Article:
It is of course difficult to calculate how much of such success can be attributed to a mission-driven core. Perhaps these companies had superior products or a competitive advantage, but it’s also clear that this community-oriented association—their values and programs—has differentiated their business, enhanced customer loyalty, and propelled brand awareness.
Does Social Responsibility Mean Brand Profit?
So, what does bottom-line payoff look like? While being a “good corporate citizen” can generate feelings of respect and admiration, does social responsibility translate to profits?
According to recent studies, the answer is yes. The Cone Communications Digital Activism survey found that 89% of consumers are likely to switch brands to one associated with a cause, given comparable price and quality. Millennials are particularly inclined to reward socially responsible companies. According to the Cone Millennial Cause study, they are 79% more likely to purchase products from a company that is socially responsible, and they are 83% more likely to trust the company.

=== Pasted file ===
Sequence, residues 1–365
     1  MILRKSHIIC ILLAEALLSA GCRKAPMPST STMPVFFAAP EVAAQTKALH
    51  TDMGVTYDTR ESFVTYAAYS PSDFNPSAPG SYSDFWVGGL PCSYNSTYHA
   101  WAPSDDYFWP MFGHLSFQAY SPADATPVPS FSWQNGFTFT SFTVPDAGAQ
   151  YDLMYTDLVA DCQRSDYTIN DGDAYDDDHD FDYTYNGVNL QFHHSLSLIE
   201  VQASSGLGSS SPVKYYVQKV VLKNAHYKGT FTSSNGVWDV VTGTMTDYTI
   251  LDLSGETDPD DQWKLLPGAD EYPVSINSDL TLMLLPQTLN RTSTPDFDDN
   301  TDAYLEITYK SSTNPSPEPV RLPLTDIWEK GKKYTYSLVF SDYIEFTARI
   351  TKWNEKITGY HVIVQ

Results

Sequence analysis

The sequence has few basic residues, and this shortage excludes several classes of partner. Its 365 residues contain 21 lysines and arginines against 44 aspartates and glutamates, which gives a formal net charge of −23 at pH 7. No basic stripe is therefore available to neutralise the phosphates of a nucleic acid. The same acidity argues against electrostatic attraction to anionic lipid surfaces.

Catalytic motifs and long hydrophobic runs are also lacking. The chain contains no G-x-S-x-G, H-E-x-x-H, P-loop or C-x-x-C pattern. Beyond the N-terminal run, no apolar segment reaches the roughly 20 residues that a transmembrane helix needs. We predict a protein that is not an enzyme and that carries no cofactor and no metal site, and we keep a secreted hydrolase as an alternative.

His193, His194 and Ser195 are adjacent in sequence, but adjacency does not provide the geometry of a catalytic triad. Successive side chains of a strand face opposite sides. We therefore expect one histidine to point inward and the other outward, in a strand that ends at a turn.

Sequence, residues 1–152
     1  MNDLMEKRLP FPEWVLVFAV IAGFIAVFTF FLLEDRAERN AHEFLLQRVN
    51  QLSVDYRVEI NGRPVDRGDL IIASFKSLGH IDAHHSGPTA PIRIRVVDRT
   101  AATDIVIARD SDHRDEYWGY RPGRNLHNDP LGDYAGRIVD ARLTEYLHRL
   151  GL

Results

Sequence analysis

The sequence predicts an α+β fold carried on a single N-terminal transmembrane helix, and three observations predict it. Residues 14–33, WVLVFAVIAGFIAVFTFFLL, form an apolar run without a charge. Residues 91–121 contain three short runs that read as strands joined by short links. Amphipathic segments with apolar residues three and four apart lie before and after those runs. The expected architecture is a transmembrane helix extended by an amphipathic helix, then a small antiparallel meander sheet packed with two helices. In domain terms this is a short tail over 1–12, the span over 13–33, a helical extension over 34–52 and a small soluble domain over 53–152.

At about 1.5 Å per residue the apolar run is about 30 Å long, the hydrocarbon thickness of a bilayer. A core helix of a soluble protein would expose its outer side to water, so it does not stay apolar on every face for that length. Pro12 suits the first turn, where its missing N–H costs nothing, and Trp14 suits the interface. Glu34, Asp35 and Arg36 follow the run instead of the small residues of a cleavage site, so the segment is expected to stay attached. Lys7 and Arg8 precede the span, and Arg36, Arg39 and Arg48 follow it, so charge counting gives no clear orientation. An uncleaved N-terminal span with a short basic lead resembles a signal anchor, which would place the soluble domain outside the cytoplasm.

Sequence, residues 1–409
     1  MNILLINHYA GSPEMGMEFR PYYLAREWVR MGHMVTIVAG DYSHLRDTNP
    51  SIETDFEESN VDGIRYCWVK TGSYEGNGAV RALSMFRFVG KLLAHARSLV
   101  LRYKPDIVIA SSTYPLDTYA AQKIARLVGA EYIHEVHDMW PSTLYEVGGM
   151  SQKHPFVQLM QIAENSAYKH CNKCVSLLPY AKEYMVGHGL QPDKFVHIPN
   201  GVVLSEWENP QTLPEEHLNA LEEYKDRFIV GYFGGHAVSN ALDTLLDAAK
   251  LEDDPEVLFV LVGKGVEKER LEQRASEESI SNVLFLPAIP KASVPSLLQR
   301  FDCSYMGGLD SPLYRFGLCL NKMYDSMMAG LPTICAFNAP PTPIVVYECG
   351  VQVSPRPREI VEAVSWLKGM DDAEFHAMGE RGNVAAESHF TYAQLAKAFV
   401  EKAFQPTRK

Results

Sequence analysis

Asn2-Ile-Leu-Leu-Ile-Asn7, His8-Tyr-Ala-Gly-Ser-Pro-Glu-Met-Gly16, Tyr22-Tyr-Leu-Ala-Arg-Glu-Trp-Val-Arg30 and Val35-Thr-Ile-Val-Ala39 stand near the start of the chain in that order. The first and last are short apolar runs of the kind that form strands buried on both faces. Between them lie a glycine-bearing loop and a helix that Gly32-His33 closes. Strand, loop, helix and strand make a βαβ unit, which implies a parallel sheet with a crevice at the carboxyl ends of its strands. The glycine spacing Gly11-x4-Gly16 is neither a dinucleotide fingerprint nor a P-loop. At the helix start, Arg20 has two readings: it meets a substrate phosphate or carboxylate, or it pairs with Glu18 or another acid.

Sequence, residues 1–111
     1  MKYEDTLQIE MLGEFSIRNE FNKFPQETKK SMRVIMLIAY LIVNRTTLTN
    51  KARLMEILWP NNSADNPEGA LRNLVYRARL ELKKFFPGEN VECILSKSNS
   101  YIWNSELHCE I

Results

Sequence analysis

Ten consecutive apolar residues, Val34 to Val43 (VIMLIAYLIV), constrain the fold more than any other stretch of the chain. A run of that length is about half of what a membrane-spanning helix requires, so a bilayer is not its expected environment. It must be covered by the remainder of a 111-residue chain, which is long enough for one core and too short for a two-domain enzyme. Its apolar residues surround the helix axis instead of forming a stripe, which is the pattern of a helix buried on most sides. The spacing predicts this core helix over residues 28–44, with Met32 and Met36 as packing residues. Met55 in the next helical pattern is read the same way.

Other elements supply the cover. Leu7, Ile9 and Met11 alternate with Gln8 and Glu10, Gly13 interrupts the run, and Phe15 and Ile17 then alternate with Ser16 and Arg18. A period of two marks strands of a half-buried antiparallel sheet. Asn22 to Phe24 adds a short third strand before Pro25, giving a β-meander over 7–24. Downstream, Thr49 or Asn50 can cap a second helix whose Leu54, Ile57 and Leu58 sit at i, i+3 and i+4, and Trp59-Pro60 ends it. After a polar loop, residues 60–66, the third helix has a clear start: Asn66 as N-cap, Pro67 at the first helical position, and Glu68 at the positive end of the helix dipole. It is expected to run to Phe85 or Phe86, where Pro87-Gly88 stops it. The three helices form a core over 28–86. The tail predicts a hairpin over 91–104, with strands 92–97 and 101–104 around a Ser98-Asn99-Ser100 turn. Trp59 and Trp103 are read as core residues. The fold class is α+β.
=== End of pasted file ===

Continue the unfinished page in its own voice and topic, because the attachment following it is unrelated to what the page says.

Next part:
Think of your own habits. How do you feel when you purchase TOMS shoes? Do you think differently about a brand once you’ve learned about its corporate responsibility programs? Would you prefer that your daily coffee comes from a company that proudly provides fair wages to its workers or one that doesn’t boast social responsibility? Would you be more loyal to the business with that community orientation?
Most likely, cause programs elicit positive associations from you—and for this reason, they also add visibility and vitality to the brand. So, how can you build a community-oriented association for your brand in an effective way?
4 Steps to Build a Community-Minded Brand
To capitalize on social responsibility efforts, initiatives and programs must build associations that help the company stand out from the crowd. Dr. David Aaker, a premier thought leader and consultant on brand strategy, believes an organization must obey the fundamentals of branding to do this. He outlines four tenets of success: